• Alcohol disrupts the mechanisms required for optimal sleep.  {While people may fall asleep more easily after drinking, they don't STAY asleep}
  • Alcohol increases cancer risk in two ways - it increases tumor growth and reduces the molecules that suppress and combat tumor growth.
  • The red wine antioxidant myth!  While resveratrol (a protective and beneficial antioxidant) is found in the skin of grapes, the amount of red wine you would have to drink in order to get enough to provide meaningful health benefits is so high, there is no way it would outweigh the negative effects of consuming that amount of alcohol.  {By the way, resveratrol is also found in peanuts, pistachios, red grapes, cacao and dark chocolate, and other REAL foods.}


Some other information you might find interesting:


  • There are many studies addressing alcohol as a cause of cancer, including breast cancer and other types of cancer.  Dr. Greger has also shared a quick video discussing alcohol as a cause of cancer.
  • Canada has shared some recent guidance on alcohol and your health, including the level at which they believe weekly drinks start to affect your health (more than 2 drinks / week).


What did we decide to do?


We made our March, as we were heading into Lent and doing our 47 days of "What Do We Eat" videos, we thought it was an ideal time to change our routine and only enjoy wine or beer with our meals on Friday and Saturday evenings.  And that's what we did!  Believe it or not, it was easier than you might think!

Of course, we learned a few things:


  • Sparkling water, or seltzer water and juice (Healthy Soda Pop) saves the day!  This was a great alternative when we wanted something more interesting than just water.  (And, for what it's worth, enjoying Healthy Soda Pop in a wine glass helped make the transition easier!)
  • We both lost a couple of pounds without changing anything else!  We weren't trying to lose any just happened.
  • Our sleep quality noticeably improved.  We both thought we were sleeping good before, but when alcohol was removed during the week, we realized that we were sleeping even better and felt more rested the next day.  We often hear people talk about how enjoying a glass of wine actually helps them sleep better.  For what it's worth, our experience has been that our sleep improved after we removed the nightly drinks.
  • Our weekend wine and beer tastes even better!  Like anything else, when something is more limited, it makes you appreciate it that much more.  I think we actually enjoy those glasses of wine and great local beers that much more because we are now more mindful and intentional with them.


Based on everything we researched, the best decision for your physiological health is probably to drink NO alcohol.  However, we did not decide to give it up completely.  We still LOVE a good drink with our meals.  And we still LOVE good wine and beer.  And we LOVE sharing a good bottle of wine or a beer while sharing stories and socializing with our family and friends.  So, we don't plan on giving those things up entirely, but we are happy with our decision to scale it back to better balance the benefits vs. the risks of how it may be affecting our health.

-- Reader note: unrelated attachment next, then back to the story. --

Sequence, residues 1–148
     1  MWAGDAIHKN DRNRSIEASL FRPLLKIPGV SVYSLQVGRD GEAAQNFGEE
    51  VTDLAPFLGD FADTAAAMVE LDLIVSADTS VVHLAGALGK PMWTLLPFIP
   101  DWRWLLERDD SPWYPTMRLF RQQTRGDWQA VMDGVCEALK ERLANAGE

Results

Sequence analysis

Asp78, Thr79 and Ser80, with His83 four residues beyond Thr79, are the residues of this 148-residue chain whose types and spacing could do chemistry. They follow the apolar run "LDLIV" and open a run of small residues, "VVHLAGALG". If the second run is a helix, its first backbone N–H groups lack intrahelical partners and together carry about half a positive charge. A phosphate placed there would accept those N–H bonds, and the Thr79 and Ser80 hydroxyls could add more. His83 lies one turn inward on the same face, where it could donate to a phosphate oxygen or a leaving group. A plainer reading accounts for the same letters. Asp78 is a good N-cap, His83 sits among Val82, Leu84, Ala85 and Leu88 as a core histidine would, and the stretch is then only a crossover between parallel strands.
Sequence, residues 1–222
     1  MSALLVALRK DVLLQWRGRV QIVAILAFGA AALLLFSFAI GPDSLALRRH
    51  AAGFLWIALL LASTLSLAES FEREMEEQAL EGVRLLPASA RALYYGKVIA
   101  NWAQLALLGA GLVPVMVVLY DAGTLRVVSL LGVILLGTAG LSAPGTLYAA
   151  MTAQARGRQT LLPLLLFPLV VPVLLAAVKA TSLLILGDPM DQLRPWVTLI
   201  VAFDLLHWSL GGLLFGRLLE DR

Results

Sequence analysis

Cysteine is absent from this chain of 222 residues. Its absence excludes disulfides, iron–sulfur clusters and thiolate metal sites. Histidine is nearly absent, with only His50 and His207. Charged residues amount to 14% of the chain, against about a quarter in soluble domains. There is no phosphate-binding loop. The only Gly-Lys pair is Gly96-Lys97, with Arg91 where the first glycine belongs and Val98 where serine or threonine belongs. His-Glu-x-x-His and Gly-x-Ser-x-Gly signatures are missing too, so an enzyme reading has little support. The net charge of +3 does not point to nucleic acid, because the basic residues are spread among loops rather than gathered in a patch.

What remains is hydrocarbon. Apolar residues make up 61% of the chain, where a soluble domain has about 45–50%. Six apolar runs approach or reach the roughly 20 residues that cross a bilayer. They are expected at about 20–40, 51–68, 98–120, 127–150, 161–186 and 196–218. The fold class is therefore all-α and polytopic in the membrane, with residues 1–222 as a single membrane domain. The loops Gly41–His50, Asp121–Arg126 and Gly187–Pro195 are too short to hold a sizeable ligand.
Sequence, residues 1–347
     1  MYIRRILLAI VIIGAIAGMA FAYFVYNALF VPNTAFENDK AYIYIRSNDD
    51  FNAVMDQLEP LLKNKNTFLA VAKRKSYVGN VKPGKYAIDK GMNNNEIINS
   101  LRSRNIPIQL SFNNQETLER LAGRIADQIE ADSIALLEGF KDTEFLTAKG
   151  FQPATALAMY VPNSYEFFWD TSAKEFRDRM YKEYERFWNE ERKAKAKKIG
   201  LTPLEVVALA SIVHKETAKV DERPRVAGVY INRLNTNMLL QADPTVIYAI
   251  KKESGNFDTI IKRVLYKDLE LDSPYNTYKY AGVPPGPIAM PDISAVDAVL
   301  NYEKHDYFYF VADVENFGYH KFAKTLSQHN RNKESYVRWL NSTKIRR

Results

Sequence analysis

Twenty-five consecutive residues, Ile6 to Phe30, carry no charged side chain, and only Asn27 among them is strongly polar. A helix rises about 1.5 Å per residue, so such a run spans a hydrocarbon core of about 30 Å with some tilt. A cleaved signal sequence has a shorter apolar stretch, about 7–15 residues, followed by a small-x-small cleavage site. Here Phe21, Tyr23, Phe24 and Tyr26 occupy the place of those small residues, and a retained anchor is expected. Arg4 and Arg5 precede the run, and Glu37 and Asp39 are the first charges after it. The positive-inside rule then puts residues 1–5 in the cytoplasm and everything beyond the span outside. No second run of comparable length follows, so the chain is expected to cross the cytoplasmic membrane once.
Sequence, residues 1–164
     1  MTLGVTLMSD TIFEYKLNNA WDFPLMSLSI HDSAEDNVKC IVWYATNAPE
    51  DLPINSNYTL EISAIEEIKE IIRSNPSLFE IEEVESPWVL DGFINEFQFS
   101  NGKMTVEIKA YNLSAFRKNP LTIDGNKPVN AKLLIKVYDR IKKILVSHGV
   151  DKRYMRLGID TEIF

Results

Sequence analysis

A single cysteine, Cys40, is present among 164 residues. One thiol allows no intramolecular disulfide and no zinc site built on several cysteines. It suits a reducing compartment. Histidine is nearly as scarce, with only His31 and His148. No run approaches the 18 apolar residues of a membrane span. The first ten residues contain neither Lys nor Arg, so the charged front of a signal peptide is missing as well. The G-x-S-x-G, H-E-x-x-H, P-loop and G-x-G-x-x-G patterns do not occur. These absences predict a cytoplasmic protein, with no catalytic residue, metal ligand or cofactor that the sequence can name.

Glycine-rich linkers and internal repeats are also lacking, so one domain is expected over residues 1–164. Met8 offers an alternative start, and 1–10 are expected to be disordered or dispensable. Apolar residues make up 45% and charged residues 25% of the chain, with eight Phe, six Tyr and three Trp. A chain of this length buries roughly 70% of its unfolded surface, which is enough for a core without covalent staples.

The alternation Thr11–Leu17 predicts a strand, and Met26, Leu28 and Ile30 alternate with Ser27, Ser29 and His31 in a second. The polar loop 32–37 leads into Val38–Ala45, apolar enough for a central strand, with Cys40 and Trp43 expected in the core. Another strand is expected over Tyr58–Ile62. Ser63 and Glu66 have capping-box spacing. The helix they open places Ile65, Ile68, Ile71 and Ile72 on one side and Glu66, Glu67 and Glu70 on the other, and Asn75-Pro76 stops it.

Do we have a drink every Friday and Saturday?  No.  Are there occasions where we might have a drink on other days?  Yes, especially if we are enjoying time with family and friends.  We are simply trying to be more mindful about it and be on the right side of the slippery slope of unintended health consequences.

One sidenote...we have decided we like the word "coaches" better than "empty-nesters" because we feel like we are still on the sidelines giving advice and supporting our kids...and Scott would add "and nobody is listening!"  If only parenting came with an instruction manual!


If you are so inclined to share your experiences and "guidelines" with alcohol, we would love to hear them!


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7 Responses to Let’s Talk About Alcohol!

  1. Scott and Krista,

    I really loved reading this article because of all the health information. It really does make a difference in sleep from what I have found as well. Let’s still go grab a beer some Friday evening though 😉

    I love the term “coach” as we are headed that direction soon enough.

    As always, thank you for sharing your information and for doing all the research for us!

    • Julie – Thank you for the feedback, we are so glad the info was helpful! We would love to spend time with you and enjoy a “good” beer – any Friday or Saturday! 🙂 Thank you!

  2. Thanks for presenting this important info AND modeling your choice of moderation for yourselves. How great that you both agree with what you’ve landed on! (and will no doubt remind each other when 3 nights and 4 nights might become tempting again!).

    Since I prefer to avoid alcohol, the trick is getting others around me to accept that. Peer pressure is tough! Even when you’re 60! For instance, went dancing to live music last weekend and my friend to the right and to the left said “try this flavor of craft hard cider…it’s really good!” (they each had a different one, and the winery we were at is well known for these). I was really thirsty, and I just decided to drink icey cold water all night, as it was hot and water was hitting the spot (and I didn’t want the calories). The next day my friend didn’t sleep well and had a headache. Not me! 😉 I find a lot of benefits to staying well hydrated and just saying no thanks!

    • Great article! I used to have a glass of wine most evenings but had to stop after a recent surgery as I was on pain meds. I did loose a few pounds so have decided to not to go back to wine every evening! I always knew it was empty calories but all the other info is great! Tks